According to a further refinement of the invention, the further server is contained in the mobile telephone, as a result of which it is likewise locally independent. However, the further server may also be one which is arranged outside the mobile telephone.
 In addition, it is possible for a plurality of servers also to be contained in the mobile telephone or for a plurality of external servers to be connected to the mobile telephone via an air interface. If a plurality of servers are present,, they may be, for example, continuously coupled to one another or may be coupled to one another when required. Using an external server, it is possible, for example, for specific information to be transmitted from a service provider via an air interface to the WEB server contained in the mobile telephone. This is advantageous if the information is so extensive that it is not possible to store this information on the locally independent WEB server for reasons of space.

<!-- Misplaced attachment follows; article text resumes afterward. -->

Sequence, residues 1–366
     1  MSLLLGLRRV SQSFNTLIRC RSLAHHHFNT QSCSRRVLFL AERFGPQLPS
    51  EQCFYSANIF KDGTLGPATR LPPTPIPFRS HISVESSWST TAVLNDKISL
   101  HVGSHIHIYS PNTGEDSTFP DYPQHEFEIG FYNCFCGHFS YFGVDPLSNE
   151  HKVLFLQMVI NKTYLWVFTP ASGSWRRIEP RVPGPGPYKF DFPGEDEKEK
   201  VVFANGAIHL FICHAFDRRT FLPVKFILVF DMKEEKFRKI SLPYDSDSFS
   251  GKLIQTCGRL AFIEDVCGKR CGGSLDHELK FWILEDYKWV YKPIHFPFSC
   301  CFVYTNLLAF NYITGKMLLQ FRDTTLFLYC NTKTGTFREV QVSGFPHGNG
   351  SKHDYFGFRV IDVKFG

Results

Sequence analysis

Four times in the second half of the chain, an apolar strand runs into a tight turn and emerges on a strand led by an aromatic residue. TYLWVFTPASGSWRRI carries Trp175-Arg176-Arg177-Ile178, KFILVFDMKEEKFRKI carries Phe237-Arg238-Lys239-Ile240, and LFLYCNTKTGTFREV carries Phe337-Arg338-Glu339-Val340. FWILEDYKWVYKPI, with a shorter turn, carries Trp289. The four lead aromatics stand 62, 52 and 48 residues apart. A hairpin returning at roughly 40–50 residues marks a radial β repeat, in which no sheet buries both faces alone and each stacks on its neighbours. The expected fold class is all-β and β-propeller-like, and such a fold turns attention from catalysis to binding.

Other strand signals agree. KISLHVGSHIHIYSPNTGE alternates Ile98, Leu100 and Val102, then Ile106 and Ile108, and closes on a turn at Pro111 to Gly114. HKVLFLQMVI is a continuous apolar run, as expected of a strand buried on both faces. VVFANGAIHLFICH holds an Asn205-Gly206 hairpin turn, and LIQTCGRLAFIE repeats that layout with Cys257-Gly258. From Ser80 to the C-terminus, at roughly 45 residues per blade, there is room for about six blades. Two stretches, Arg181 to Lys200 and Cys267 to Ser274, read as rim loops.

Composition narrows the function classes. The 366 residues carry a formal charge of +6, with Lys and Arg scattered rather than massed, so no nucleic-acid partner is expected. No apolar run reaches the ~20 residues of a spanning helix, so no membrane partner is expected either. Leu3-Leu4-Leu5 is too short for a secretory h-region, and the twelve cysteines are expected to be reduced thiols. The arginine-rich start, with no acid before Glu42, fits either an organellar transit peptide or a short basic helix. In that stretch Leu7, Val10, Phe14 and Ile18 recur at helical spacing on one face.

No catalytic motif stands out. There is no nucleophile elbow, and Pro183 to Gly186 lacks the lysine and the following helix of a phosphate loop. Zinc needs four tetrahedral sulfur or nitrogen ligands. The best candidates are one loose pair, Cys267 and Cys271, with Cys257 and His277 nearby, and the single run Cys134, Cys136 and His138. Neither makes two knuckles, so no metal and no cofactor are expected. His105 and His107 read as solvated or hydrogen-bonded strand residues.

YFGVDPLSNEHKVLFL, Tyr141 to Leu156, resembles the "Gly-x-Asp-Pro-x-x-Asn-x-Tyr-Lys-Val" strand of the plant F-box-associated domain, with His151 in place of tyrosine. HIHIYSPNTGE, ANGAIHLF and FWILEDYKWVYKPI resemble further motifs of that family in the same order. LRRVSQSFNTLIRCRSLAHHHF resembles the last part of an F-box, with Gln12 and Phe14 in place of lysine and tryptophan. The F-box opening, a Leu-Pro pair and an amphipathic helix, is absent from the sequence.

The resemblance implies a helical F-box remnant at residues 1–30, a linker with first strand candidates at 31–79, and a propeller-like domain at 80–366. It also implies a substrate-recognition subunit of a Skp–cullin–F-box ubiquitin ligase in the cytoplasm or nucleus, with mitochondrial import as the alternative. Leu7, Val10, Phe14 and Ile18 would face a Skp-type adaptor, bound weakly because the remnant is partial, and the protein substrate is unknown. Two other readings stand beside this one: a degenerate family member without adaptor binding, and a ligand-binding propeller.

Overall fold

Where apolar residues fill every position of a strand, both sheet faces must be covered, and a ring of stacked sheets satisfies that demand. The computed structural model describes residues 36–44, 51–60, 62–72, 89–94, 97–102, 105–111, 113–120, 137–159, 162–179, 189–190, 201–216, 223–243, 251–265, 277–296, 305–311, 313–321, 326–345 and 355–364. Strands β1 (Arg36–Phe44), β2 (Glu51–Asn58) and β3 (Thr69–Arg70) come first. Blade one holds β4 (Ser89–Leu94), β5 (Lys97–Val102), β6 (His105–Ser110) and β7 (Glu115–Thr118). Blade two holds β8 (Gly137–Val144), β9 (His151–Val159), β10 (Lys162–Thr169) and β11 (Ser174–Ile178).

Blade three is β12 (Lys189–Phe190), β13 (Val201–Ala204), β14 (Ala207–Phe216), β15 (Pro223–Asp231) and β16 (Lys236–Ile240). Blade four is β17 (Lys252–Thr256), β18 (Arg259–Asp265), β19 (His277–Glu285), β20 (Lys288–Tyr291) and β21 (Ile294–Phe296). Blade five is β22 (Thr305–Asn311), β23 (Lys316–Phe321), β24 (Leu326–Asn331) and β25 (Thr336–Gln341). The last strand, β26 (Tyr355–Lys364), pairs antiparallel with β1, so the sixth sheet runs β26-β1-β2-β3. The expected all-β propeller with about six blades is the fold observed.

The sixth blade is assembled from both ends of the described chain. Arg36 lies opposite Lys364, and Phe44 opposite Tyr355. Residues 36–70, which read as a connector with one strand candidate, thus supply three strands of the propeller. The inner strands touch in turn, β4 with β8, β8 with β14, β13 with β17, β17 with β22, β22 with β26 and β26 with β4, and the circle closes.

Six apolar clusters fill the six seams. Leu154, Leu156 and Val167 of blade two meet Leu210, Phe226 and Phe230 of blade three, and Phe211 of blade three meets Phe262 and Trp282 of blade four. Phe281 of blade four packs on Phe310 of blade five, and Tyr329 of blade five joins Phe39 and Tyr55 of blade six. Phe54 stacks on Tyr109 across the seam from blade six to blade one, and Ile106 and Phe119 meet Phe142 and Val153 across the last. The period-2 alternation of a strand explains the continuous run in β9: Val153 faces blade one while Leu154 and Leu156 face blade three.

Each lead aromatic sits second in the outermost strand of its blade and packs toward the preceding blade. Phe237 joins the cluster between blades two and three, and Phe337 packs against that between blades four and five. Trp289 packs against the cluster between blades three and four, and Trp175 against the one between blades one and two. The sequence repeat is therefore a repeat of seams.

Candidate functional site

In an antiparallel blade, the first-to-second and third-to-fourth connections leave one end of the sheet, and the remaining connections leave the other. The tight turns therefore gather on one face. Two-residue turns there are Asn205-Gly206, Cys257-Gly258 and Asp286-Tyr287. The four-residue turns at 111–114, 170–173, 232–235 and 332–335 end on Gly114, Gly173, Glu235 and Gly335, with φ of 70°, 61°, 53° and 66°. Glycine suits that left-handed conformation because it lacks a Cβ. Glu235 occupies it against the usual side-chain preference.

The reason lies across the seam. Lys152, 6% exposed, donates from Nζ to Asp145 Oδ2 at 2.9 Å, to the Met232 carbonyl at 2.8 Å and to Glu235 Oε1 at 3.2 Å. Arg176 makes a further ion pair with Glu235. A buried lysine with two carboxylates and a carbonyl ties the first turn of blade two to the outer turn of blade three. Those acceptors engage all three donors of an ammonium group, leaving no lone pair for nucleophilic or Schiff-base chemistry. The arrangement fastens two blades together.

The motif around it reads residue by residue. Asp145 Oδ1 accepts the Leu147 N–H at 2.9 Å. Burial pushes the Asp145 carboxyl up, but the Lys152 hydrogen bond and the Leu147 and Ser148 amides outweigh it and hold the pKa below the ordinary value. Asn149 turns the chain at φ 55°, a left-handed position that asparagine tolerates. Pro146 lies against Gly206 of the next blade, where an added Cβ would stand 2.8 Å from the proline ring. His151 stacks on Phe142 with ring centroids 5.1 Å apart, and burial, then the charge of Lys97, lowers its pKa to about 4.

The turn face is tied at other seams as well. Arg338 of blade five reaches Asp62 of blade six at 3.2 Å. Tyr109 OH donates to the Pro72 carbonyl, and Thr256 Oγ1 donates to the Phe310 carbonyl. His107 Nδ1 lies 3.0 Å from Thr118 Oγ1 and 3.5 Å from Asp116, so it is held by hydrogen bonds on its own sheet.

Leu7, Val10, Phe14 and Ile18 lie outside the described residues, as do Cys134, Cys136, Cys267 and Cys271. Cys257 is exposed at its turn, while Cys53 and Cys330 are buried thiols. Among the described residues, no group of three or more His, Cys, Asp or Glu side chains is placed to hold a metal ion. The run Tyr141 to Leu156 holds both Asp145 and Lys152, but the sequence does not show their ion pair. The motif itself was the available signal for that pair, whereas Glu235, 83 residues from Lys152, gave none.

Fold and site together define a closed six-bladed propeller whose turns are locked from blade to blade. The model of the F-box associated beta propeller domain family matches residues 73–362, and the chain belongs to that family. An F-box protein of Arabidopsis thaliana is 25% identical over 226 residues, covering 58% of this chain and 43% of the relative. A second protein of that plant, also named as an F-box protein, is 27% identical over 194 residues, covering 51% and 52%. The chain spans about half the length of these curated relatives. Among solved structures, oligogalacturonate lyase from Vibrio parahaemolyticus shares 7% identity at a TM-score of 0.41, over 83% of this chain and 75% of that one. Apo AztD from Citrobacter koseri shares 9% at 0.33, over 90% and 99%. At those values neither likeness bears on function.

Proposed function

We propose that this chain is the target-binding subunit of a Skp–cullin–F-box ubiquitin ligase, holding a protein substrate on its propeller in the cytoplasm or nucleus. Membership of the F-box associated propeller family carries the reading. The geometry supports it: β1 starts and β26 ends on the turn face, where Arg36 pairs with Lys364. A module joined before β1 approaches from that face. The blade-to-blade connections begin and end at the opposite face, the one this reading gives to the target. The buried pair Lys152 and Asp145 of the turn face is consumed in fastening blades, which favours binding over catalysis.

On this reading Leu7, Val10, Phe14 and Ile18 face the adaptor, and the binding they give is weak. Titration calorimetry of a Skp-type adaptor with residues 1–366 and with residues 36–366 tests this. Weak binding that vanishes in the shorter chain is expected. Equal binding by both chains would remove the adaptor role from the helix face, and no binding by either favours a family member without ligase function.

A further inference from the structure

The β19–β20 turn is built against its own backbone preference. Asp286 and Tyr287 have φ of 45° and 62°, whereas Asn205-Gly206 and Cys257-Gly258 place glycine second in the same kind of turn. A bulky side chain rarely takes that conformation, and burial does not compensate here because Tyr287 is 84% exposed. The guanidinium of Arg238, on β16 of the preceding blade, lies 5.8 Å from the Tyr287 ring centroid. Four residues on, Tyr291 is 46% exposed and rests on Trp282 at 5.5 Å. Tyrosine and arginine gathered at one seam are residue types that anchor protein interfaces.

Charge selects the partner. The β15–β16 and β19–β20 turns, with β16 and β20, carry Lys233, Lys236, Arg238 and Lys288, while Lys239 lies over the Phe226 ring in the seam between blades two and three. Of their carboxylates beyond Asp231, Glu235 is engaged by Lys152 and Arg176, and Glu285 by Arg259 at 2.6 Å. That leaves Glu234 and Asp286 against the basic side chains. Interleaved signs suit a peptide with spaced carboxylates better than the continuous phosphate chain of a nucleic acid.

The difference between the WEB server contained in the mobile telephone and the servers contained in the mobile telephone is that only the WEB server can be coupled to a network (Internet, LAN) via an air interface, for example.
 According to another refinement of the invention, the WEB server contained in the mobile telephone can be coupled to at least one client. A client is a software packet which requests information from a server, that is to say a second software packet. A typical example is a database interrogation in which a user calls information from the database server by means of a client program.
 According to one development of the invention, the at least one client is contained in the mobile telephone. As a result, the user of the mobile telephone can access the individual local servers via this client and interrogate information.
 According to yet another refinement of the invention, the client which is contained in the mobile telephone is designed as a WEB browser as a result of which a user of the mobile telephone can call Internet information via an air interface by means of http.